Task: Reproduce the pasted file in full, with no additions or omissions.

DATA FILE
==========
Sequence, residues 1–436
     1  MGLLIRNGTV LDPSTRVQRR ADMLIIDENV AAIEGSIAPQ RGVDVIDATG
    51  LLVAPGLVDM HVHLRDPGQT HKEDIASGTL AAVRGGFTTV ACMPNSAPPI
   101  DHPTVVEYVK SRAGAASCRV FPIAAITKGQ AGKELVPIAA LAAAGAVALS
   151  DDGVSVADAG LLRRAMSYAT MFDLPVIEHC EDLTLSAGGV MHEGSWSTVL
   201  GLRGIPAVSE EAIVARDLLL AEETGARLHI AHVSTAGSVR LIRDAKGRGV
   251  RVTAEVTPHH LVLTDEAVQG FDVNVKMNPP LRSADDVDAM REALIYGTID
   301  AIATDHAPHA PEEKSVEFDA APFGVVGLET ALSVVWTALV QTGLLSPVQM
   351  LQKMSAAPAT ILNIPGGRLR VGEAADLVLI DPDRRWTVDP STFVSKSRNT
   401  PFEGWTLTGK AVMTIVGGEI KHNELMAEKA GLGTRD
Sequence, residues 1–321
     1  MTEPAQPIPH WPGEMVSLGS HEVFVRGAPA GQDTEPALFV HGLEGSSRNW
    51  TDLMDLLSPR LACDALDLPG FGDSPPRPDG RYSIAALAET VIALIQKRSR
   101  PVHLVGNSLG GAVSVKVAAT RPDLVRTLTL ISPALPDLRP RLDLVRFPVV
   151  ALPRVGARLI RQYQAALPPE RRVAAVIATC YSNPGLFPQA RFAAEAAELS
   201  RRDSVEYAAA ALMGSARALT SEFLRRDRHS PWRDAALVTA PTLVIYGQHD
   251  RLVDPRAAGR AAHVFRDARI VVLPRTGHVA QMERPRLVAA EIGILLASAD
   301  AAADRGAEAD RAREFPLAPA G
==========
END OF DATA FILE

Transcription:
Sequence, residues 1–436
     1  MGLLIRNGTV LDPSTRVQRR ADMLIIDENV AAIEGSIAPQ RGVDVIDATG
    51  LLVAPGLVDM HVHLRDPGQT HKEDIASGTL AAVRGGFTTV ACMPNSAPPI
   101  DHPTVVEYVK SRAGAASCRV FPIAAITKGQ AGKELVPIAA LAAAGAVALS
   151  DDGVSVADAG LLRRAMSYAT MFDLPVIEHC EDLTLSAGGV MHEGSWSTVL
   201  GLRGIPAVSE EAIVARDLLL AEETGARLHI AHVSTAGSVR LIRDAKGRGV
   251  RVTAEVTPHH LVLTDEAVQG FDVNVKMNPP LRSADDVDAM REALIYGTID
   301  AIATDHAPHA PEEKSVEFDA APFGVVGLET ALSVVWTALV QTGLLSPVQM
   351  LQKMSAAPAT ILNIPGGRLR VGEAADLVLI DPDRRWTVDP STFVSKSRNT
   401  PFEGWTLTGK AVMTIVGGEI KHNELMAEKA GLGTRD
Sequence, residues 1–321
     1  MTEPAQPIPH WPGEMVSLGS HEVFVRGAPA GQDTEPALFV HGLEGSSRNW
    51  TDLMDLLSPR LACDALDLPG FGDSPPRPDG RYSIAALAET VIALIQKRSR
   101  PVHLVGNSLG GAVSVKVAAT RPDLVRTLTL ISPALPDLRP RLDLVRFPVV
   151  ALPRVGARLI RQYQAALPPE RRVAAVIATC YSNPGLFPQA RFAAEAAELS
   201  RRDSVEYAAA ALMGSARALT SEFLRRDRHS PWRDAALVTA PTLVIYGQHD
   251  RLVDPRAAGR AAHVFRDARI VVLPRTGHVA QMERPRLVAA EIGILLASAD
   301  AAADRGAEAD RAREFPLAPA G